Haruyoshi “Yoshi” Udagawa ’74 | St. Lawrence University Commencement

Haruyoshi “Yoshi” Udagawa ’74

Remarks to Graduates, May 20, 2018

Thank you very much, President Fox. Good morning, trustees, faculty, alumni and class of 2018. I am honored to be awarded with the Honorary Degree of Doctor of Humane Letters from St Lawrence University today and delighted to be able to attend this wonderful Laurentian tradition with my wife Aiko. I am especially grateful to have this opportunity to address you who are graduating. Today begins your new life; it is a day for celebrating. Congratulations!

Today is also a day for remembering. I remember the many people who in the early 1970’s gave me the precious chance to study at St. Lawrence University. I especially want to mention my mother, who sustained me in so many ways while sharing my home until she passed away at the age of 90. I also want to thank my wife Aiko who has patiently supported me for more than 40 years. If not for their understanding, I can’t imagine that I would be here today.

Today is also a day for giving thanks. I cannot put into words my gratitude to St. Lawrence University for having offered me 45 years ago the wonderful chance to study here. All those many years ago in 1972, when I was a high-school English teacher having earned a BA and MA from a Japanese university, I made the most far-reaching decision of my life, which was to come and study here at St. Lawrence.

The 1970’s might be considered a very difficult and unstable time for many reasons including the Vietnam War, the oil crisis and much social turmoil. At the time, my friends around your age each had his own draft number. As for myself, all I could do was to concentrate on my studies, no more, no less. I didn’t go out once on a Friday night my entire first year. I regret it to this day.

During my first year on campus, I felt invisible. One day when I found a pile of clothes lying on my bed, I learned just how wrong I’d been. For the life of me, I couldn’t figure out what it was doing there. Later I understood. My friends had decided to donate clothes for me to change into. The fact was, though, I just hadn’t cared what I wore every day. If nothing else, the episode proved to me that at least my clothes were visible. In my second year, I’m happy to say, I became visible in a different and better sense. 

Thinking back, I want to thank the many staff, faculty, friends and their family members who supported me in those days. But for their encouragement and kindness, I could not have survived to finish my studies here. I wish I could name all of them. I will never forget their tremendous generosity.

Soon after graduating from St. Lawrence in 1974, I began my career as a college teacher at Toyo University, where I continued to work until retiring 5 years ago. If not for my career at Toyo, I would not be standing before you now. Toyo University, which numbers 36,000 students, is one of the oldest private institutions in Japan, having been established in 1887. Today, I am proud to tell you that in 2013 it was designated by the government as one of Japan’s “Super Global Universities.” With luck, it will soon be an Asian hub for global leaders. My career had much to do with its becoming a Super Global University.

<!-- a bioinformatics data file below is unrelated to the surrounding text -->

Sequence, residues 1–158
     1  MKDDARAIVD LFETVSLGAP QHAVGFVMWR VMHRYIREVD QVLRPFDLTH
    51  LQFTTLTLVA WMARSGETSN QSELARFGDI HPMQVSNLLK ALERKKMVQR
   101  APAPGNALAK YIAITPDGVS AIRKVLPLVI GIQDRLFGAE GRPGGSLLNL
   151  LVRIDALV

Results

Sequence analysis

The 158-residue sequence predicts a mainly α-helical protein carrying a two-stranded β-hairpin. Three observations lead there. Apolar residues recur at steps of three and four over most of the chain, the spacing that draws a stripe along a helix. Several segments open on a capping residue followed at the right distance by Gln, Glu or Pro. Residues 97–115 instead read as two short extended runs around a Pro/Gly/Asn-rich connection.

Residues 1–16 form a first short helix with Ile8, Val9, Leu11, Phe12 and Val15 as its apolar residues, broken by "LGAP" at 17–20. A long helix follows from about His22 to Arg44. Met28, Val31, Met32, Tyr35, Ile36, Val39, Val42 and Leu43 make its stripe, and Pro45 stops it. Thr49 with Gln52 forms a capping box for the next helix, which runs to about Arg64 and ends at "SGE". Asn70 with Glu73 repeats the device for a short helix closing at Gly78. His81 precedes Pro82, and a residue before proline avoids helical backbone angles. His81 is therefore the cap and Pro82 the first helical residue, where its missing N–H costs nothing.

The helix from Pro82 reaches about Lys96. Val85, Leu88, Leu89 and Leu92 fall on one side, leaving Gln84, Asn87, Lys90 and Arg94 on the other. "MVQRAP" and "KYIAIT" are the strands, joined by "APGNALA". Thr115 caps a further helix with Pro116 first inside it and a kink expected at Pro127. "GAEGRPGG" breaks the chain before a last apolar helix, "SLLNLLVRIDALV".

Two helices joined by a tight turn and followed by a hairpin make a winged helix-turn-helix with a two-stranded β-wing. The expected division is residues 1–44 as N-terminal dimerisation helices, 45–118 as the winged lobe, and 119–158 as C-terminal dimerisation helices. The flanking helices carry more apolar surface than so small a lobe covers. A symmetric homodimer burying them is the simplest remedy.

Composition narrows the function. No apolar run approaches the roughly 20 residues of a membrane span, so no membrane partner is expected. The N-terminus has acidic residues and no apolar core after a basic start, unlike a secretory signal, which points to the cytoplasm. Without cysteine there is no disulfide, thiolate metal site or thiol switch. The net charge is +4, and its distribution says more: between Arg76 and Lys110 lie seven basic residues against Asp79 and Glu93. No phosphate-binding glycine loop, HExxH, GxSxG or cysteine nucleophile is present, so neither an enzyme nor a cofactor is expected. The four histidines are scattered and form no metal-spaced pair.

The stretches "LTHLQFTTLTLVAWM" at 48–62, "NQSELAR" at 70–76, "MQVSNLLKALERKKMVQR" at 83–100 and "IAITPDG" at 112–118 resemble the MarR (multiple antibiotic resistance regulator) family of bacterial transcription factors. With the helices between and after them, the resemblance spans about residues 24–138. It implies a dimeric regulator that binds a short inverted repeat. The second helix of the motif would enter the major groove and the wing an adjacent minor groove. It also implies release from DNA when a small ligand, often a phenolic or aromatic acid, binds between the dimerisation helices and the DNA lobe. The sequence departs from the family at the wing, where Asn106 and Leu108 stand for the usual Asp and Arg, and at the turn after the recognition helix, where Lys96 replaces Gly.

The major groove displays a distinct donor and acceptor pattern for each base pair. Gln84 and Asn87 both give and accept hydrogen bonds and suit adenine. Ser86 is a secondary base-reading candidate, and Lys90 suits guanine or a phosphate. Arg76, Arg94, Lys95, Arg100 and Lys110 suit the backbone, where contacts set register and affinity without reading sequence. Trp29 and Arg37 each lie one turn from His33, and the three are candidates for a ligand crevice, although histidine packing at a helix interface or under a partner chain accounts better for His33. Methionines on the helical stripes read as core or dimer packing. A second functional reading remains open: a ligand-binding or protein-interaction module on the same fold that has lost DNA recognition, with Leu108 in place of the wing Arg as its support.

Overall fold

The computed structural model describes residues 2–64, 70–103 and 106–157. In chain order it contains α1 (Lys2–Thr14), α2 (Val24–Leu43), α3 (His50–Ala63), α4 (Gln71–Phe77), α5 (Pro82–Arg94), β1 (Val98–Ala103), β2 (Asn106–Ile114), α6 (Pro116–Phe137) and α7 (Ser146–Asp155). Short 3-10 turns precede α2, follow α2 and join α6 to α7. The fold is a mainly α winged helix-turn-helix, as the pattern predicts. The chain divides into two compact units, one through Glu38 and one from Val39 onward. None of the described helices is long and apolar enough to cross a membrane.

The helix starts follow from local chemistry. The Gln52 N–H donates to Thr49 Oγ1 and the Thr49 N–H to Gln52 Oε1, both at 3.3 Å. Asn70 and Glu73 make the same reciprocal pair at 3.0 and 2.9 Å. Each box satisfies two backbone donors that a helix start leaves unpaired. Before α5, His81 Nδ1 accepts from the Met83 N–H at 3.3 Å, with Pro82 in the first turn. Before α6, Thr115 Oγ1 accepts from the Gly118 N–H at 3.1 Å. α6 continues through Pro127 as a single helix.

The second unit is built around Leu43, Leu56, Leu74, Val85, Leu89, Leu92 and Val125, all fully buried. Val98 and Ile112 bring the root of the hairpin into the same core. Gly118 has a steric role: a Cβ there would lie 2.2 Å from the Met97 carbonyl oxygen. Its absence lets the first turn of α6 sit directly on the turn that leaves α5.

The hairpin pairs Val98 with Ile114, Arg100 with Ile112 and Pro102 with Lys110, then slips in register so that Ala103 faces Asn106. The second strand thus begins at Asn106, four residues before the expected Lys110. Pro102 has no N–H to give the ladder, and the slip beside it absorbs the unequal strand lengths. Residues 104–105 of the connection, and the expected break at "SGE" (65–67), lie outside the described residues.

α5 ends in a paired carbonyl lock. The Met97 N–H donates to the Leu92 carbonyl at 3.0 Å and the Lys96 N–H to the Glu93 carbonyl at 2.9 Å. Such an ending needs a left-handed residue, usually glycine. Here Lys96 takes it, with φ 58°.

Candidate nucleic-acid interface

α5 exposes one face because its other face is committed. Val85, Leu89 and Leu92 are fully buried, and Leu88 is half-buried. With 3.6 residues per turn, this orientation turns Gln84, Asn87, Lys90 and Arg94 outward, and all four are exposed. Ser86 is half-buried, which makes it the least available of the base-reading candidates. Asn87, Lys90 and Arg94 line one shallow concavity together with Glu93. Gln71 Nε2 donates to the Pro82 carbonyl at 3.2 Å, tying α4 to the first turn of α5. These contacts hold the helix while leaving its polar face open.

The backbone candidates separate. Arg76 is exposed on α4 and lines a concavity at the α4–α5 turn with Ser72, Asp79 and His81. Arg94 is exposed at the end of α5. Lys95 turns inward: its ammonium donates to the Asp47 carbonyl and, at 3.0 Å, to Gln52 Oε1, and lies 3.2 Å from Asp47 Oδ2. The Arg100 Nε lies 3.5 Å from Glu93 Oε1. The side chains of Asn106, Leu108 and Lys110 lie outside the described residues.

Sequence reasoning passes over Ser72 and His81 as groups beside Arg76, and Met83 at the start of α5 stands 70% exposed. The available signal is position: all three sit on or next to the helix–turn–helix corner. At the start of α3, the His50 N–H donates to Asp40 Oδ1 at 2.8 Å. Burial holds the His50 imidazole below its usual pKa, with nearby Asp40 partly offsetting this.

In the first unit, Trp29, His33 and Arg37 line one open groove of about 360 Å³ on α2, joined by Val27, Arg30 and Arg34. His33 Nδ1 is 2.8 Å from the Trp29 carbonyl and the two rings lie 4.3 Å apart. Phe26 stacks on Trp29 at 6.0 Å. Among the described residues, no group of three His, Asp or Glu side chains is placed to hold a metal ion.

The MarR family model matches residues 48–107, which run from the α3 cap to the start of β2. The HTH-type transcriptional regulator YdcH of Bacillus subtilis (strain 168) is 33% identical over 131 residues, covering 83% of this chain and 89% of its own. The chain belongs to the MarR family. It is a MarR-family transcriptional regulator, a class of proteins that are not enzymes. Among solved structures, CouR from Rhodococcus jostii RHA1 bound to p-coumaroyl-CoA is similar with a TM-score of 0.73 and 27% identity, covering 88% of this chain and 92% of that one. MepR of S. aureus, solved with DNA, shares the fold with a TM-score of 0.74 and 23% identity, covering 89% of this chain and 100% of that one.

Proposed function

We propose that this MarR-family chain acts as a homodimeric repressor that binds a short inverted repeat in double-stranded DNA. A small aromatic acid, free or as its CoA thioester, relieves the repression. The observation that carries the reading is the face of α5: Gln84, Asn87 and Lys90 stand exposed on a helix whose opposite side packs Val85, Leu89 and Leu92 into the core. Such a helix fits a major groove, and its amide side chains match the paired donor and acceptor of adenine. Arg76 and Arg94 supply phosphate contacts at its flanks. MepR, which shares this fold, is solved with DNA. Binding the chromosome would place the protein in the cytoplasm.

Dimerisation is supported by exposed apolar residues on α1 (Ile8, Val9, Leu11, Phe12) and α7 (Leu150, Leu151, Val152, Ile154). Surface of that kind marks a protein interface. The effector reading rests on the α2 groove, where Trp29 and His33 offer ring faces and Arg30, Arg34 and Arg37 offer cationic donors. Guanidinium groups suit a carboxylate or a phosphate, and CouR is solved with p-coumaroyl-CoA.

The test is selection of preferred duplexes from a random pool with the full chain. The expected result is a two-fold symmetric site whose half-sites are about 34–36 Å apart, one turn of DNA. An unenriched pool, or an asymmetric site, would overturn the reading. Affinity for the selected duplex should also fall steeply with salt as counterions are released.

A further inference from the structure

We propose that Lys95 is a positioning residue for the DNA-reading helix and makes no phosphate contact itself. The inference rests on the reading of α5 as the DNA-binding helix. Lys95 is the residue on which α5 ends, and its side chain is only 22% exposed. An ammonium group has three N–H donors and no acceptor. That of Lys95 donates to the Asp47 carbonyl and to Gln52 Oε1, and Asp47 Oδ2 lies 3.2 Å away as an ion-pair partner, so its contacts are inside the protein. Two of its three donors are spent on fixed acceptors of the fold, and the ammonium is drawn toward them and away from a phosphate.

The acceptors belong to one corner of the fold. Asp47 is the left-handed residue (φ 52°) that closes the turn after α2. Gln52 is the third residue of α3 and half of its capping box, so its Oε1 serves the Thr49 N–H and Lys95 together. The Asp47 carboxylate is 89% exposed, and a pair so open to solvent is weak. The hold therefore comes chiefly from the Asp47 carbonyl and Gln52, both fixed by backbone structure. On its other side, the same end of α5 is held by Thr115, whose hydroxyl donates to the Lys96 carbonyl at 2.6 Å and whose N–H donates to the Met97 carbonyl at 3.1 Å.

I began working in the year 1998 to establish a new department that would foster Global citizens. I worked to ensure that increasing numbers of Toyo students would have experiences similar to the one I had at St. Lawrence. Since it started in the year 2000, nearly 2000 students have graduated from the department, which integrates local and global awareness. I am proud to say that the department was one of the fruits that grew from seeds planted in me while at St. Lawrence. The department is a wonderful product that integrates the ideas and training I received from two great universities.

My experience was not unique by any means. St. Lawrence University boasts a wonderful liberal arts tradition. Our lives depend on what we integrate into ourselves. Life should be appreciated by quality not quantity, just as St. Lawrence education encourages. I know each of you will continue this noble tradition. Life is long.

Allow me to conclude by introducing you to a special lady. Her name was Ms. Tetsuko Suzuki and she graduated from St. Lawrence 90 years ago in 1931. In 1975, she was awarded an honorary Doctorate. Ms. Suzuki was a well-known translator as well as the principal of a famous high school for girls in Tokyo. She translated into Japanese the “Little House” books by Laura Ingalls Wilder.

The stories she told of her St. Lawrence days in the 1930’s were filled with adventure. It was thrilling, for example, to hear her describe her journey from Japan to St. Lawrence, a trip that at the time took 3 weeks: 17 days from Yokohama to San Francisco by ship and another 4 days from San Francisco to Canton by railroad. I wish I had time to describe it the way she did. I am greatly honored to receive the same degree as Tetsuko Suzuki, and to note that both of us were awarded this honor exactly 44 years after we graduated.

It must be the hand of providence!

I hope that you will make this day an occasion to celebrate, to remember and to give thanks to the many people who have directed and supported you. Congratulations! Parents and graduating students, Bon Voyage!

Thank you very much.